Posts Tagged ‘God’



August 13, 2010

Have you ever noticed how easy it is to get through an entire day, week, month (life?) without ever really thinking? Processing? Engaging?

I don’t know about you, but, if I’m not intentional about those things, my Mondays just blend right into my Wednesdays, which become my Fridays and, before I know it, weeks or months have passed, been lost.  I can just cast aside the effort it requires to think/process/engage, do what needs to get done … sleepwalk right through.

I see things … I hear things … I do things  – and often, very well … but they’re thoughtless objects, sounds and tasks.  I’m present … but, I’m not really there.

Whether it’s the hills on my commute that I never really see, the co-worker that I talk to for hours a day, but never really hear … It’s amazing.  And, what ends up happening, I believe – and this is dangerous – is that I am affecting/influencing those I know, work with and love, without giving any thought as to how.   Whether I know/like it or not, my thoughts (or thoughtlessness), actions (or inactivity) and words (or the lack of them) influence everything and everyone in my life.  And, if that’s going to be the case, don’t I owe it to them – and most importantly, to God – to give those thoughts, actions and words some thought? To be intentional about them? To have/be the type of influence He wants me to have/be?

Anyhow … I’m figuring out that if people would just stop for three seconds, and ask themselves a few questions, they’d realize that they probably are – as I so often am – sleepwalking through life … or at least, portions of it.  Those questions – at least for me – are:

1. What just happened? or, What is about to happen?

2. What do I really think about it? Not having an opinion is not an option.  What do I really think about it?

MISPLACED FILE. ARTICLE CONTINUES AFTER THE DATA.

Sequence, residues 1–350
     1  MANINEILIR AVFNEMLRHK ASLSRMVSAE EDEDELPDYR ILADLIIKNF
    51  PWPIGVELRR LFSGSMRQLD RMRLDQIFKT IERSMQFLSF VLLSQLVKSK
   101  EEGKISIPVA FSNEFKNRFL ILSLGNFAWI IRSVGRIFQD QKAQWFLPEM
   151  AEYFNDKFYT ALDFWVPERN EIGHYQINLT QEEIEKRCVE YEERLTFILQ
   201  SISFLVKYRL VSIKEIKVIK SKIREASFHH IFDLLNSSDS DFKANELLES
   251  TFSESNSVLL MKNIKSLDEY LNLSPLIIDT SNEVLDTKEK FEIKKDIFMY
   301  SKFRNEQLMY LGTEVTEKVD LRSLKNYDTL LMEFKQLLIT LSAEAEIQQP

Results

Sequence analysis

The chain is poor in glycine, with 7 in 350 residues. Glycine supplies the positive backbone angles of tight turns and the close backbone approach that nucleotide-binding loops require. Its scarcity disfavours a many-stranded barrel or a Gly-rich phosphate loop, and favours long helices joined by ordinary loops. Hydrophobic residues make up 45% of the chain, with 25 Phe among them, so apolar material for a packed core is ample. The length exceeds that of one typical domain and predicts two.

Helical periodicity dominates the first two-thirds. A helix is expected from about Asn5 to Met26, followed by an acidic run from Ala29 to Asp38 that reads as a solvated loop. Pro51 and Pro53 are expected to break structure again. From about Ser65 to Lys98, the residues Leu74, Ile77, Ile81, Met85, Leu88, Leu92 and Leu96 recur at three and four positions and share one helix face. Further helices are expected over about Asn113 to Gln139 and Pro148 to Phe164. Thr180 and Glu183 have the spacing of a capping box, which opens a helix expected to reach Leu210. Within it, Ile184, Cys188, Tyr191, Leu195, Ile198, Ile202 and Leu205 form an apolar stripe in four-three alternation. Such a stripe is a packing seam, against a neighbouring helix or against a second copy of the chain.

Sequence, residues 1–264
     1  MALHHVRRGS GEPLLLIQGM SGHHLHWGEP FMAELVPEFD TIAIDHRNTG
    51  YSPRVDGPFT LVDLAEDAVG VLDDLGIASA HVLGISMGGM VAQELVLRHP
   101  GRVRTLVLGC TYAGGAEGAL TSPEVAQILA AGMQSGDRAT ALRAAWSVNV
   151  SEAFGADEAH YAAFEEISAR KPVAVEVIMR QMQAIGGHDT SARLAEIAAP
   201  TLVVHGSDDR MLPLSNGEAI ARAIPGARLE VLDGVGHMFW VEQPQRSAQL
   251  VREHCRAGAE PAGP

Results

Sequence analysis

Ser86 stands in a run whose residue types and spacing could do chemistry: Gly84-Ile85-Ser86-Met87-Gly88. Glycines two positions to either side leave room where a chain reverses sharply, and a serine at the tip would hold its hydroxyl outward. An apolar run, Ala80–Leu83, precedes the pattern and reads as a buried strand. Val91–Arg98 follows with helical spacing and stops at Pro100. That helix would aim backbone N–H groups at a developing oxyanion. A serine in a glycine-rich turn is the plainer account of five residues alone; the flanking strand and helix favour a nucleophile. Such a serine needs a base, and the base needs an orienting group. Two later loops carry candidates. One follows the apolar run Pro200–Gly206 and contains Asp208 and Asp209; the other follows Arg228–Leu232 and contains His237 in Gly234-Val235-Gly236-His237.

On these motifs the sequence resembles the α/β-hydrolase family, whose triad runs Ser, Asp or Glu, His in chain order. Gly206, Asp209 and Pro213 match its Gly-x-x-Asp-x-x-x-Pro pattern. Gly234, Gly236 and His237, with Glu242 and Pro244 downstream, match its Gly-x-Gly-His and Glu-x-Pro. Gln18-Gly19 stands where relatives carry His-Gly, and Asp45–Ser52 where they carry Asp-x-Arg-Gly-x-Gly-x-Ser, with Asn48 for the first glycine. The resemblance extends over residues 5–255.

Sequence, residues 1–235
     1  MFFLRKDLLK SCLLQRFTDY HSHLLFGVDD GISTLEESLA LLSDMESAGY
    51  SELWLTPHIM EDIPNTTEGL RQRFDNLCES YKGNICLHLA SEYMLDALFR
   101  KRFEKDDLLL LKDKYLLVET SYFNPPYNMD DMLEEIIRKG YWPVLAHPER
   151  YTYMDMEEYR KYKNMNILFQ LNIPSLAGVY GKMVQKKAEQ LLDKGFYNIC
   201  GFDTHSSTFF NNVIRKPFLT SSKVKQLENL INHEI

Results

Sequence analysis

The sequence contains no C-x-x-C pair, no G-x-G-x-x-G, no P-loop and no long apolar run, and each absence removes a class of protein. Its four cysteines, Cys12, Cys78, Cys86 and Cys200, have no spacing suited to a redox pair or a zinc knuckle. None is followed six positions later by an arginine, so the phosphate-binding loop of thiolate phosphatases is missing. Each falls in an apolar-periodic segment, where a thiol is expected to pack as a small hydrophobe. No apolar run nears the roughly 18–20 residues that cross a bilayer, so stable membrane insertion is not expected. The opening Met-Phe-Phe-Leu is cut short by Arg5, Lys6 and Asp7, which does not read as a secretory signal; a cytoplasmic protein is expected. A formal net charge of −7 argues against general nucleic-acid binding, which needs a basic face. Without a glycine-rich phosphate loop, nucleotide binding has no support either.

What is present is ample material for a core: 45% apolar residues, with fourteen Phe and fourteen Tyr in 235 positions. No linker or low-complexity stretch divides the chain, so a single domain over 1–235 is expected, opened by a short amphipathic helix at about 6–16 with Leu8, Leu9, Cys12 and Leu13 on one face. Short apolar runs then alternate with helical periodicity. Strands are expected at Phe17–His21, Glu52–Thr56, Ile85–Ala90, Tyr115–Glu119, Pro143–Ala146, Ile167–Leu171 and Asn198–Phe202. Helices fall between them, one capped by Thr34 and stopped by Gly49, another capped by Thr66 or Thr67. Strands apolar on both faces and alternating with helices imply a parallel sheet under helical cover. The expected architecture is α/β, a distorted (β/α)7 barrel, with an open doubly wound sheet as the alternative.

3. Where is God in it … ? and how would He have me process it/react to it?

There are so many things that God is doing in our lives, so many opportunities He’s presenting us with … and, if we’re not awake … not LOOKING for them … we’ll miss them.  It’s just so easy to listen to the radio, surf the net, watch TV, read a book, have meaningless and shallow conversations and pass things off or not give them the benefit of a few minutes of real thought.  At least for me.  What about you?

Are you awake?



Pretty Slick, God

July 30, 2010

I was reading through Billy Coffey’s always terrific blog recently and he’d written about finding beauty in the world.  It’s there, he says … we just have to look for it.   And,  I couldn’t agree more.  I think that if you’re seeking God … if you want to find Him in the world … If you really want to see Him, you will.  Because, He’s there.  I think, in fact, that He reveals Himself to us every day.  In conversations with friends.  In a particular song on the radio.  In a look from a loved one, a breeze when you’re roasting or a co-worker surprising you with lunch when you’re flat broke, hungry and keeping it all to yourself.  Bottom line is, I think it’s up to us to pay attention … to notice.

God is pretty slick sometimes.

Now, it may seem a little bit silly to you, but I took this picture several months ago as I walked through the parking lot at church.  I wondered how long it’d been there and how many people had walked right by it and never noticed (have you, yet?).  I wondered how many times I’d done it myself.  (I’m convinced that just a few years ago, I’d have never noticed it)

And since I took it, it’s served as the desktop background on my phone … a reminder of exactly what Billy wrote about.   A reminder that, if I’ll just slow down and pay attention … if I’ll just let go of whatever’s eating at me, whatever’s consuming me, whatever’s got me preoccupied and aggravated and worried and busy … whatever it is that day that has blinded me to the beauty and life He’s surrounded me with, I’ll see Him.  Because He’s there.

Heck, it’s those days I need to look for Him the most … those days when I’ve blown a gasket and made a mess of something …

Have you noticed Him around you in the mundane?  In the day-to-day?  In the monotony? In the midst of your grime? Where?

Love to hear your stories.



Can Santa Claus Come to Town … Every Day?

December 26, 2009

Santa: "I hope this isn't that dreaded 'New' Coke"

I love Christmas morning (which, if you know me, is really saying something …  I’m not a morning person … never have been.  In fact, you have to practically stick your foot in my back and kick me out of the bed.  But on Christmas morning, no matter the time, I never give getting up a second thought.  In fact, I look forward to it … maybe as much as my kids).